DEAR HARRIETTE: My daughter starts off shy and then warms up after a while. Because she is slow to interact with people, some think she is shy or unfriendly. That’s not the case at all. It’s more like she starts off as an observer, figures out who she wants to talk to and then slowly opens up to that person. In our fast-paced world, this can cause problems. I’m worried that now, when she’s interviewing for high school, that the first impression people may have of her is that she is not interested in their school. What can I do to help her to pick up her pace? -- Press Fast Forward, Brooklyn, New York
DEAR PRESS FAST FORWARD: Please know that your daughter is not the only student who can be a little shy at first. Many children need a little coaxing. What you can do to help your daughter prepare for what is a rigorous interview process in New York City is to get her a coach. She needs to practice speaking out loud and talking about herself with confidence and enthusiasm. Generally, that’s not a role best filled by you. It can be a friend who is good at coaching or, better yet, a hired professional to support her through the interviewing process. You can encourage her to think about what she likes about the school she is visiting as well as her interests. Practicing talking about herself is key to losing the butterflies.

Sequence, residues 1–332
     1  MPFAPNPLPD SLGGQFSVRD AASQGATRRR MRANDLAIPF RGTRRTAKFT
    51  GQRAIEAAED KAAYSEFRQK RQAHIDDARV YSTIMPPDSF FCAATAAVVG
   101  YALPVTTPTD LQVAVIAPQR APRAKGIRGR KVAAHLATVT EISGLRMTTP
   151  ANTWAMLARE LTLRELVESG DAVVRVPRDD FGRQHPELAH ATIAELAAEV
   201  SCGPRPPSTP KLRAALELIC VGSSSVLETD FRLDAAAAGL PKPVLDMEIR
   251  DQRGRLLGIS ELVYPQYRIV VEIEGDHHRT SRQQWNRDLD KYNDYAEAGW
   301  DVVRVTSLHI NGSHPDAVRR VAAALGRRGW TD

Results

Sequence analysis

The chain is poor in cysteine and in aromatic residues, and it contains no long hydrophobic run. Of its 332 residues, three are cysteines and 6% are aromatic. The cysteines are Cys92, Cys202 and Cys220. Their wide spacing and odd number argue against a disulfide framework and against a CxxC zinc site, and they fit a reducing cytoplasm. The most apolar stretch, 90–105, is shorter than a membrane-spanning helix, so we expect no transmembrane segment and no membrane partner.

DEAR HARRIETTE: I had an intern many years ago whom I really liked. He tried to keep in touch with me, which I appreciated, but it was at a time when I was busy building my business, so I was distracted. When I finally realized how dismissive I had been of him and tried to find him, I had no good contact information. Years have passed, and this young man’s teacher, who is my friend, found a letter from him. We have his parents’ contact information. I’m a little nervous. I want to reach out to reconnect with this young man, but I was not responsible years ago. Do you think it’s wise to knock on that door again? -- Closing the Loop, Seattle
DEAR CLOSING THE LOOP: Your sincerity should ring through when you make this next effort. Starting with his parents, write a note, or call if you have a phone number, and say you want to reach out to their son. Remind them of when he worked with you so they will feel comfortable making the connection.
If you do reach the young man himself, start off by saying how happy you are to reconnect. Ask how and what he is doing. Allow him to share his story. Then admit you didn’t feel good about the way you parted ways years ago and that you have tried to find him for some time. Ask for his forgiveness for your lack of responsiveness in the past and see if you can forge a relationship now. There is a chance he could be in a busy phase, but your overture should count for something.
(Harriette Cole is a lifestylist and founder of DREAMLEAPERS, an initiative to help people access and activate their dreams. You can send questions to firstname.lastname@example.org or c/o Andrews McMeel Syndication, 1130 Walnut St., Kansas City, MO 64106.)